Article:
Thursday 9th July
Since Saturday we have not had electricity or water first thing in the morning. The past three days the electricity has returned at about 10 hrs. the water a bit later in the day. We are told from various sources that this situation has arisen because of the low water levels in Lake Kariba. Lake Kariba is more like an inland sea stretching 170 miles in length. A huge dam was built across the Zambesi river and the large valley was flooded displacing 57,000 Tonga people (The same tribe that lives here in Monze). The dam provides hydro-electric power to many parts of the country, but at the moment the water level is low - resulting in the rationing of electricity.
I find it very worrying to find concerns about water levels at this time of the year. I hope that the measures are to ensure that it will still be possible to provide power up to November, rather than that the problem of providing power already exists. In any event the lack of rain over the past three years is a major problem. It is almost certain that there will be major shortages of water before the next rainy season. If the rains are late, it could be disastrous.
There are still a few people who dispute that climate change is taking place or that humankind is responsible. However, the scientists have predicted the sort of weather patterns that are now being experienced around the world and here in Zambia it is rapidly becoming a matter of life or death. It is just possible that I am wrong about climate change, but the evidence is mounting – and if I am right, can any of us just stand by and let people die and not say anything to try to stop global warming?
Yesterday was a relatively quiet day for me. PIZZ school needs some form of proper water distribution and some toilets on the new site. We spent some time discussing quotes. Provision of a solar pump in Zambia doesn't come cheap. All the components are made in other countries and shipped here, taxes are added etc. I have long hoped that a solar industry would emerge here in Zambia, but there are no signs. Zesco power is relatively cheap and investment in developing local grown manufacturing industries seems to be low. Yet, despite our short days, we must have averaged more than 10 hours of bright uninterrupted sunlight each day since I arrived! The potential for solar power here is enormous. Of course eventually it will come! No doubt when the oil companies are finally persuaded to stop extracting oil (I worry this will be too late to save us from devastating, possibly annihilating, climate climate). Then they will construct solar power stations and sell Africa her sun!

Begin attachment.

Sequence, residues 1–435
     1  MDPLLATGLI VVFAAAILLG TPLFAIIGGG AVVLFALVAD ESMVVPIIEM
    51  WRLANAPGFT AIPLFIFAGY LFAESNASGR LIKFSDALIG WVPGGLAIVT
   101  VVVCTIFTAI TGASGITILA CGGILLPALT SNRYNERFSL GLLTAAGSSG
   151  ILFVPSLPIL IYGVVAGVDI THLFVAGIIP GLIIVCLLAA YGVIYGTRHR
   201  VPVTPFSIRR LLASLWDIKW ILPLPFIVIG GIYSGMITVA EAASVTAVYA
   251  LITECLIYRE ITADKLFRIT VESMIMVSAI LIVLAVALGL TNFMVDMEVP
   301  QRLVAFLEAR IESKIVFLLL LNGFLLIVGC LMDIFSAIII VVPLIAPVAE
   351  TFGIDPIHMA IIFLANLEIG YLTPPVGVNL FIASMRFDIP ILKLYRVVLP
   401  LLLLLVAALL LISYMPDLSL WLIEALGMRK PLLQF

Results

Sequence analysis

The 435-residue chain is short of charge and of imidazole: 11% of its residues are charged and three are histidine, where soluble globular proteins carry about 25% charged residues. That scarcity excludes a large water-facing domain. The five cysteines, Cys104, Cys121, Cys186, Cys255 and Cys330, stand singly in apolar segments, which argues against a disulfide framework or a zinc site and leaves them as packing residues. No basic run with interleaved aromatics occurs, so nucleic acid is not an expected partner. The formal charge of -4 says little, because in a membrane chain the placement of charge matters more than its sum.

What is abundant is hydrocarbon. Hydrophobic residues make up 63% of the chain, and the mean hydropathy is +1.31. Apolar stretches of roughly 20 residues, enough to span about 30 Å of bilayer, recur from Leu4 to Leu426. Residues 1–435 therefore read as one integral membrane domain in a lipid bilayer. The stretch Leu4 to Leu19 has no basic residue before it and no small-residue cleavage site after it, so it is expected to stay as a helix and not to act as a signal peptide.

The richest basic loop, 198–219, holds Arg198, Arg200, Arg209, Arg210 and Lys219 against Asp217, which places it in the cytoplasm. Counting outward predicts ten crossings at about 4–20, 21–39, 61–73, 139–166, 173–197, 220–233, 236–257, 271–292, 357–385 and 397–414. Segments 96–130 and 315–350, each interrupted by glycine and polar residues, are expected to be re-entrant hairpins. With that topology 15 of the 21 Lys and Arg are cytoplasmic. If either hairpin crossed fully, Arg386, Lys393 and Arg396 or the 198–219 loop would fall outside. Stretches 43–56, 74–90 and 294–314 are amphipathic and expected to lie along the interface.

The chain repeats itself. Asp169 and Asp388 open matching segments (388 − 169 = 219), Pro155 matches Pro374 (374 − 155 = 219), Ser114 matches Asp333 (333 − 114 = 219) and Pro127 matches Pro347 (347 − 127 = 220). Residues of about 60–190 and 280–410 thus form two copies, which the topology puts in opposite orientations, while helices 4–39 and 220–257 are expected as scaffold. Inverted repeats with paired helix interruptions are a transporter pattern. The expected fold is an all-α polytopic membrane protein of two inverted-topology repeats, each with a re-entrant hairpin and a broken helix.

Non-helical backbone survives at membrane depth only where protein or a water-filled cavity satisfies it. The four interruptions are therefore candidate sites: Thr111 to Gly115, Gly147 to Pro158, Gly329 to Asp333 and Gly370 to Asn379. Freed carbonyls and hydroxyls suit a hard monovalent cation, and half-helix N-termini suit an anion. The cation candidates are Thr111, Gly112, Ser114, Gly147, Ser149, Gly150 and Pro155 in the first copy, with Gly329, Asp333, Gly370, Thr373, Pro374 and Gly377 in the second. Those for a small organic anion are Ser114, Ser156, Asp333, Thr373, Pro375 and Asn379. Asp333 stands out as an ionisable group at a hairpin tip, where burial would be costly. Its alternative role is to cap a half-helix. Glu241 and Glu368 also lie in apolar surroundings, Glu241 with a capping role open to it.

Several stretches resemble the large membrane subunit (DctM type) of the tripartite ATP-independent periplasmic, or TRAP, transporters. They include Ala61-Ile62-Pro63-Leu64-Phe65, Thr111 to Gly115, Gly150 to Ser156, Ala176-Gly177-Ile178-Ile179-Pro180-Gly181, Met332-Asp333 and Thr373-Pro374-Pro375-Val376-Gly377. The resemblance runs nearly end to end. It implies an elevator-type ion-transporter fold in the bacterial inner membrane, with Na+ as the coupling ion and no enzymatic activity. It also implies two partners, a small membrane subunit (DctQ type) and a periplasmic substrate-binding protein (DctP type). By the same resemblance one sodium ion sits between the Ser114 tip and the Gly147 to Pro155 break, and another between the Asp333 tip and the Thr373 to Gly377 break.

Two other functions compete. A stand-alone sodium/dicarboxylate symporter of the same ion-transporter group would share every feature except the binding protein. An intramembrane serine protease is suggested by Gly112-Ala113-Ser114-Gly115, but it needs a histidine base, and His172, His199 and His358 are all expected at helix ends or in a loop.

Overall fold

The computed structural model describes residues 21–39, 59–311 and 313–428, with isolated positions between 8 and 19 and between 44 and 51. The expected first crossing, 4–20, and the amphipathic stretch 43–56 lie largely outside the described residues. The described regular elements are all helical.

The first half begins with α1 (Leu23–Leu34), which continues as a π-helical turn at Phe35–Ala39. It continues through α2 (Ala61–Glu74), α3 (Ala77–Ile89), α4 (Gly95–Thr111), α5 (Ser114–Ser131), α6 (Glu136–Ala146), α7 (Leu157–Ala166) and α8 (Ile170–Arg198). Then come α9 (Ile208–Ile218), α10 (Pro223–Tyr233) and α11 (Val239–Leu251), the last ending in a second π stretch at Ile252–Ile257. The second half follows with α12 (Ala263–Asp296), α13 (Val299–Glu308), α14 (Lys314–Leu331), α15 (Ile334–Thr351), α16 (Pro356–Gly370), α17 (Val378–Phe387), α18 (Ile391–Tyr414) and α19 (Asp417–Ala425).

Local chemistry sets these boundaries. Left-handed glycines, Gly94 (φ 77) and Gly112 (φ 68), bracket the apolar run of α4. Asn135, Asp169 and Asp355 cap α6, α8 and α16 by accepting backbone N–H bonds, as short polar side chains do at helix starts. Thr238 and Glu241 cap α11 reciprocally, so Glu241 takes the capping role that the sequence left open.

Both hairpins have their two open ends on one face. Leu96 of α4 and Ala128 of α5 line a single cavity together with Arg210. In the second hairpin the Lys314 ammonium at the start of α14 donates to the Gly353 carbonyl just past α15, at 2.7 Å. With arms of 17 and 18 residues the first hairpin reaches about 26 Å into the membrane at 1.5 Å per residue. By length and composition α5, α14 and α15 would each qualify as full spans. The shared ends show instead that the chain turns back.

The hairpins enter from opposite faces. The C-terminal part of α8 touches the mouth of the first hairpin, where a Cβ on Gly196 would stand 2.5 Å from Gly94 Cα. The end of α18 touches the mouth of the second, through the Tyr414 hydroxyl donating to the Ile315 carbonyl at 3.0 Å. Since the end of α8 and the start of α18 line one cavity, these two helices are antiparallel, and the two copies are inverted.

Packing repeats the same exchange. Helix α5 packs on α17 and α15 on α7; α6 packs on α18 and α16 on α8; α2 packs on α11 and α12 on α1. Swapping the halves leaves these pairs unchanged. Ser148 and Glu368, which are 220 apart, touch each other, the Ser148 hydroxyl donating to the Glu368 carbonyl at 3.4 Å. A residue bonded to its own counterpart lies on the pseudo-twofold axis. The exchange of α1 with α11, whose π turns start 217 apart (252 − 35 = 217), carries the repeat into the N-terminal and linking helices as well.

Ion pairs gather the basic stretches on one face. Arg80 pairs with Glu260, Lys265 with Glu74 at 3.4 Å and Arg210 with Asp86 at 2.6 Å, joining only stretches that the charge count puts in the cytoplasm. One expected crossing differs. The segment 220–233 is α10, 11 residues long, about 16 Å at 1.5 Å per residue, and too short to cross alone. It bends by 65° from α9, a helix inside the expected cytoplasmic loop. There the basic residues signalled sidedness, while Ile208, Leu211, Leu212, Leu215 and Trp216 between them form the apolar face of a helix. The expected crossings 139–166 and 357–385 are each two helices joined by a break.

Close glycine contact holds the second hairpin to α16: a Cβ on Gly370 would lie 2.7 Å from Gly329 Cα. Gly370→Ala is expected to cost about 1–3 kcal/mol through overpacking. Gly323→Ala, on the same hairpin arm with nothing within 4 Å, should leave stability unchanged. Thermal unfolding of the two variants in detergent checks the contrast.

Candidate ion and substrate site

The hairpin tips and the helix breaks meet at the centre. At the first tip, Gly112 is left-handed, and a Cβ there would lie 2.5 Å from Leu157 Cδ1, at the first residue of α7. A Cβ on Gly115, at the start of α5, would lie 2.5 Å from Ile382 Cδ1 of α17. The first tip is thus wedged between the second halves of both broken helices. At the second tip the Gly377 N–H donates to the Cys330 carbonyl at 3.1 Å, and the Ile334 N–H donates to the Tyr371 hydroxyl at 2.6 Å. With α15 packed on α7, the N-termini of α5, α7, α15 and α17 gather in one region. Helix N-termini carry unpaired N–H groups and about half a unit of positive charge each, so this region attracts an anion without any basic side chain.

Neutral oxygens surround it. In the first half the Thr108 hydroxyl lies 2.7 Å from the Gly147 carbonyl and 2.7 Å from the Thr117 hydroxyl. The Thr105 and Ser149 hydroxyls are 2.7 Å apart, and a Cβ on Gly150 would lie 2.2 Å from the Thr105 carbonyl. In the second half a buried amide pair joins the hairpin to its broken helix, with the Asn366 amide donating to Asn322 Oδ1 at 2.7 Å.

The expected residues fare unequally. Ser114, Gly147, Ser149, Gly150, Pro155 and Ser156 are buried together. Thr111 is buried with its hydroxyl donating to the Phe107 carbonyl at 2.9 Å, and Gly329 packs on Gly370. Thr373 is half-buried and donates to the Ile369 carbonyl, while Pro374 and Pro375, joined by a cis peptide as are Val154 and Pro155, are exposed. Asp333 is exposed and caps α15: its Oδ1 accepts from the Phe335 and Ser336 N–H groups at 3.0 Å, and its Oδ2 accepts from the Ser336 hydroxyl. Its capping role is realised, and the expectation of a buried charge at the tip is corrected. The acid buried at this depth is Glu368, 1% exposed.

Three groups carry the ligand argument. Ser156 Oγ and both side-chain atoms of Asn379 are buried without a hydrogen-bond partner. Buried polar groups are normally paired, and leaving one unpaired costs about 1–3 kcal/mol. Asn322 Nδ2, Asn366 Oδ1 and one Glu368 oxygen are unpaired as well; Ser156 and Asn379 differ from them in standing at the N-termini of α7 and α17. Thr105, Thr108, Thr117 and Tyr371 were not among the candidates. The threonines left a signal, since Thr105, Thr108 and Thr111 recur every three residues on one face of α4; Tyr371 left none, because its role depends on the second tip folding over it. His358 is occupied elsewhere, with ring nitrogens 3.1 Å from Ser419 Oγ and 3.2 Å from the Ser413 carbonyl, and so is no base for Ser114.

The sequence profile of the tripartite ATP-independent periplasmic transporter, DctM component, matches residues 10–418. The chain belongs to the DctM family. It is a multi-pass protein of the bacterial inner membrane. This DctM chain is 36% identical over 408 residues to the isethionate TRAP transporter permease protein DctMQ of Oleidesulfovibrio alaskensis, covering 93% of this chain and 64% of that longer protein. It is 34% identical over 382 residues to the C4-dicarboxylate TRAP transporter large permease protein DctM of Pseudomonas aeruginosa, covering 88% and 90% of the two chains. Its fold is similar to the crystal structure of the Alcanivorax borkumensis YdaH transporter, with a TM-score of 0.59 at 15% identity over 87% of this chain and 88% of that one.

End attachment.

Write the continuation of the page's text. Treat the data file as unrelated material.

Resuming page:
Anyway the local debate is whether we invest in a solar pump for PIZZ School, or save money by connecting to Kariba Dam power! That is assuming we can secure funds for either!
At PIZZ School there are a number of students suffering from Epilepsy. I met a former student last week with this condition and we are working with her grandmother to explore improving her treatment. As with most services in this country, medical facilities struggle to provide the treatment needed. For most specialist treatment it is necessary to go to Lusaka and there are usually medical costs to pay in addition to the fares. The result is that many fail to receive the treatment they need. I met the grandmother once more this morning to see if we can make progress with this issue.
This afternoon I had another session with the teachers showing them some of the internet applications and caught up with Mrs. Sianga who had spent the afternoon with school inspectors.
The evening ended as usual with a glorious golden glow in the sky and the planets continuing to move apart. I have been remiss in not correcting my previous error. The planets are Venus and Jupiter not Mars and Venus as previously stated. I did think it unusual because I seemed to recall one was known as the evening star and the other the morning star. So please accept my apologies and thanks Lyn for putting me right.